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Friday, August 2, 2013

it is a delicious thing to write




"It is a delicious thing to write, to be no longer yourself but to move in an entire universe of your own creating. Today, for instance, as man and woman, both lover and mistress, I rode in a forest on an autumn afternoon under the yellow leaves, and I was also the horses, the leaves, the wind, the words my people uttered, even the red sun that made them almost close their love-drowned eyes."


- Gustave Flaubert







"Always be joyful, no matter what you are. With happiness you can give a person life. Every day we must deliberately induce in ourselves a buoyant, exuberant attitude toward life. In this manner, we gradually become receptive to the subtle mysteries around us. And if no inspired moments come, we should act as though we have them anyway. If you have no enthusiasm, put up a front. Act enthusiastic, and the feeling will become genuine."


- Rabbi Nachman of Bratslau





Fly Heavenward Dear

by Rumi

Fly heavenward, dear. Let your wings unfurl to their
full expanse.

Gather from the sky's fields and intimate regions
that rare, unalloyed quality and light.

Bring it back to your nest. Weave it into your eyes,
sounds, movements and touch.

Then invite all of us over to your house, if you are
willing, if you are willing...to let us stay.



(from The Purity of Desire: 100 Poems of Rumi, transl. Daniel Ladinsky)






I've spoken to a couple of people lately who are starting out in the creative life. And wished that I had the words by Ira Glass memorized when speaking to them, but instead mumbled out a poor paraphrase. And I think they're so important to read, internalize. So here they are:


“Nobody tells this to people who are beginners, I wish someone told me. All of us who do creative work, we get into it because we have good taste. But there is this gap. For the first couple years you make stuff, it’s just not that good. It’s trying to be good, it has potential, but it’s not. But your taste, the thing that got you into the game, is still killer. And your taste is why your work disappoints you. A lot of people never get past this phase, they quit. Most people I know who do interesting, creative work went through years of this. We know our work doesn’t have this special thing that we want it to have. We all go through this. And if you are just starting out or you are still in this phase, you gotta know its normal and the most important thing you can do is do a lot of work. Put yourself on a deadline so that every week you will finish one story. It is only by going through a volume of work that you will close that gap, and your work will be as good as your ambitions. And I took longer to figure out how to do this than anyone I’ve ever met. It’s gonna take awhile. It’s normal to take awhile. You’ve just gotta fight your way through.”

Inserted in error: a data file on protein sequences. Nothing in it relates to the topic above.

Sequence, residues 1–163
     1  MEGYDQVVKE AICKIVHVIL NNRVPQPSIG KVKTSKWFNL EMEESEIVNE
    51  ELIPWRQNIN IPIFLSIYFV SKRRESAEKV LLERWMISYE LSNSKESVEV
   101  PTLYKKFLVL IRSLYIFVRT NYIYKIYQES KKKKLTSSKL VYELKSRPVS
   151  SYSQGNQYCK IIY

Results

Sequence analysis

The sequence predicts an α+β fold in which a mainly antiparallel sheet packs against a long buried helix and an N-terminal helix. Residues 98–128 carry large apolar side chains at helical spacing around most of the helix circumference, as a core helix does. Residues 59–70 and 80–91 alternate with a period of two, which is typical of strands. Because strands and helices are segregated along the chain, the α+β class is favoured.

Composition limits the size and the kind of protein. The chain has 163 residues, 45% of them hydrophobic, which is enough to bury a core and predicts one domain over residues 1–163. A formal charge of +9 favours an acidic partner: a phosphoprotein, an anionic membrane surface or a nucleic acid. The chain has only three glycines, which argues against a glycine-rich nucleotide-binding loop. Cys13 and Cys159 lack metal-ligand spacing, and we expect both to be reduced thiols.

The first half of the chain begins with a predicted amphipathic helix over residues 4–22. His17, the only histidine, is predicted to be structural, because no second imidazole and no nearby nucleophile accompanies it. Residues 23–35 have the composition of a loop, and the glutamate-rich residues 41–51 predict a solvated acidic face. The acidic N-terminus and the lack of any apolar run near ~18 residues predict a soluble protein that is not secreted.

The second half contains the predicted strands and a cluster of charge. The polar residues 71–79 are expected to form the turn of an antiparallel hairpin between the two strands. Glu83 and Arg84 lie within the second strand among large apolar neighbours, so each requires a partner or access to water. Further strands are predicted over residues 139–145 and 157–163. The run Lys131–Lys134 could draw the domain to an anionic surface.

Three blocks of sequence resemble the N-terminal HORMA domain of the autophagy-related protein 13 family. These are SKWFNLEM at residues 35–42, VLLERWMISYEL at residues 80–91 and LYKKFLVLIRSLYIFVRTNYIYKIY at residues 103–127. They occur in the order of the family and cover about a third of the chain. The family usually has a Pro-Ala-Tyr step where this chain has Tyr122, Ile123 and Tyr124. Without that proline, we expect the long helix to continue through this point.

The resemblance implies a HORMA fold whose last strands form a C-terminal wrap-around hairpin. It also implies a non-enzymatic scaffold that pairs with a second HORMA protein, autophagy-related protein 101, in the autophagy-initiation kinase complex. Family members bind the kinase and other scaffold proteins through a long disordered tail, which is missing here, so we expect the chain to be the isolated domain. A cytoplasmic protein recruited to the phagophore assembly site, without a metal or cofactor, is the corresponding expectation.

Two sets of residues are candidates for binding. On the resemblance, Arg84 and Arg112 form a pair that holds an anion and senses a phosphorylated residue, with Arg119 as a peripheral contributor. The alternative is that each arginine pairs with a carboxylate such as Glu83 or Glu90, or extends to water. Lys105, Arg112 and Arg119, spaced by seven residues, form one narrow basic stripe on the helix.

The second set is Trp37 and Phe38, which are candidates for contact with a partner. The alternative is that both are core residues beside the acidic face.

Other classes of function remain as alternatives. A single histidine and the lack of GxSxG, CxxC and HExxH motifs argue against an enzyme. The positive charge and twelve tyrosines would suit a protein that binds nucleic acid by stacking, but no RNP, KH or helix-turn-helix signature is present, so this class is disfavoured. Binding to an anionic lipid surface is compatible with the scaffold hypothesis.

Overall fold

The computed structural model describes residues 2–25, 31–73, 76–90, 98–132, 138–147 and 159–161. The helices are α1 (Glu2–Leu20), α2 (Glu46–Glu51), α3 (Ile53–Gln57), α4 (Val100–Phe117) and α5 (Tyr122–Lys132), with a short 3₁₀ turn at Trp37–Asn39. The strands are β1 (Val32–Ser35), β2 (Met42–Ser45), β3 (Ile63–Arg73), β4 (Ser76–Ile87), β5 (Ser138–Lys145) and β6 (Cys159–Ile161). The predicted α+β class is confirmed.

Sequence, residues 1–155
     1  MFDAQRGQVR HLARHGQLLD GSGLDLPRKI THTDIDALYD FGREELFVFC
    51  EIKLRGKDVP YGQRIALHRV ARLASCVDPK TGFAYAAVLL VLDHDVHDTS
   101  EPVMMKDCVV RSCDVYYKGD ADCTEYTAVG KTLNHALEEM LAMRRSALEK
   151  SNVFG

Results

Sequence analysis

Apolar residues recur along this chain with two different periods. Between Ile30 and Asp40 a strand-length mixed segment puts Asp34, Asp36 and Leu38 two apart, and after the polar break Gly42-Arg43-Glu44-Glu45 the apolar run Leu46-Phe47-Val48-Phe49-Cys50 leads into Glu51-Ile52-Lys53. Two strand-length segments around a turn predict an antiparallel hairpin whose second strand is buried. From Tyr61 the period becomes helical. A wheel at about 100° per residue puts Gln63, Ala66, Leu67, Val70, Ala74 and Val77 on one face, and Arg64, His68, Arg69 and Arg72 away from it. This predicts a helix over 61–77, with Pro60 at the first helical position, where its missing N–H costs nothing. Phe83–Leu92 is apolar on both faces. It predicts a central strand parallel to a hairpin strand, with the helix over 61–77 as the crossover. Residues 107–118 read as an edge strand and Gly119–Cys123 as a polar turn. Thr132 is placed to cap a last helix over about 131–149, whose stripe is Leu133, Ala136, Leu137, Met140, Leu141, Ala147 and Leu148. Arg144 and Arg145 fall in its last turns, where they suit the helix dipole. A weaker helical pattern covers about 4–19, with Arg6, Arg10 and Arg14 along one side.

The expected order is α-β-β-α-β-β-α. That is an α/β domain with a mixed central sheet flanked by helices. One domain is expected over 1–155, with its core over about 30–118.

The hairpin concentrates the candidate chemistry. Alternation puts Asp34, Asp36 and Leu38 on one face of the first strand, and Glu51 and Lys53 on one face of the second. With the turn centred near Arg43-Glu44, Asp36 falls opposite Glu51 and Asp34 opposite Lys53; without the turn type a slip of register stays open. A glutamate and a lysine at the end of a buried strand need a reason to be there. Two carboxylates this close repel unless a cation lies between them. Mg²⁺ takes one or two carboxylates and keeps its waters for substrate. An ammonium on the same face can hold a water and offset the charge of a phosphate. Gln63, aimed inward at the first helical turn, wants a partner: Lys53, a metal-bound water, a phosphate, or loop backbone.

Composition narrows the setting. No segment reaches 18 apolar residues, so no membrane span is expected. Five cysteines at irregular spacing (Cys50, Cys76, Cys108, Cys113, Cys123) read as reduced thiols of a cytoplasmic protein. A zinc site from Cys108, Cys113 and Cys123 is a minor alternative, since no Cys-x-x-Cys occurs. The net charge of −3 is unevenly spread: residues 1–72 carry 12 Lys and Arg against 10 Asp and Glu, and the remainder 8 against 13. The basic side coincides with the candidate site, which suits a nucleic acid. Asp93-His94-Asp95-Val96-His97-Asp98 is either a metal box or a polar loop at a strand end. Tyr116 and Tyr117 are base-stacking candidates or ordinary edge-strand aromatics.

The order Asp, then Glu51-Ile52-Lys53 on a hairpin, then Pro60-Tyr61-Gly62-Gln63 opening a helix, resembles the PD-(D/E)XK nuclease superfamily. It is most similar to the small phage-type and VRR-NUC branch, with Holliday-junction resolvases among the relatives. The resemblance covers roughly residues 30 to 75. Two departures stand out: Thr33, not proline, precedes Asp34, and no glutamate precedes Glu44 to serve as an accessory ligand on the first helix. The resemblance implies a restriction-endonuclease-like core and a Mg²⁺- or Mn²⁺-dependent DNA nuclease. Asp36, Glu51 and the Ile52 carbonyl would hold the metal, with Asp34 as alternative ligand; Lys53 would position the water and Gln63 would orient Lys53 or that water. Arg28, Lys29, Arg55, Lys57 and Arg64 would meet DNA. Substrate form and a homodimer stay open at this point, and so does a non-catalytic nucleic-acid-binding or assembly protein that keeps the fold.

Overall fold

- Ira Glass



There are a lot of things that no one tells mid-career authors, either. The thing is, you've put in the work, you've fought your way through. You've even published several books. You've gotten a few good reviews, you've lived through the horrendous ones mainly with the help of a few friends who may have also lived through horrendous reviews. You haven't been completely ignored but neither have you been made a huge fuss over. Good. There's a moment, maybe a long moment, when it seems, or it feels, that no one is much interested in your work. You're no longer the new up and coming writer. Nor are you the established older writer. No one really wants to give you a grant, and the prizes pass you by. Years pass, and you've published nothing, though, yes, you've been writing. The manuscripts pile up. This will make you anxious. Very anxious. But okay. Freedom. No one is watching you, you can write what you like. You can take a month in the summer, lie fallow, and dream, and remember what a delicious thing it is to write. You can take a minute and unfurl your wings and fly heavenward, bringing all that is light back to your nest. You can take long walks with your dog, and look at other peoples' roses. You can look at the time you might, god willing, have left to you. What is it you want to write with the time remaining? What is it you most want to give? Sit with that, savour the question, which is really quite a beautiful one. Even if it seems a mad thing to believe, believe that the publishing world will catch up with you. Believe in the one person who will some day pick up your book (for surely eventually someone will publish it), the one that now languishes as a rumpled, dusty, coffee stained sheaf of paper, crossways on a shelf in your study, along with all the books you've read, that you love, the ones you've read and admired. This is the point where you might lose faith, or, yes, take an even greater leap of faith. This is where you continue. Which is not quite as exciting as fighting your way through. This is where you get to remember and revive the deliciousness, the very exquisite taste of writing something difficult or gorgeous or harrowing or wise. You are alone now in a way that you haven't been alone before in your writing, your art making. This is a gift. You are pared down now, thinned out now, hungry. You know radiance, you know what it is to be illuminated, you won't settle for anything less than the purity of art, of soul. Continue. This is the way. Continue. 








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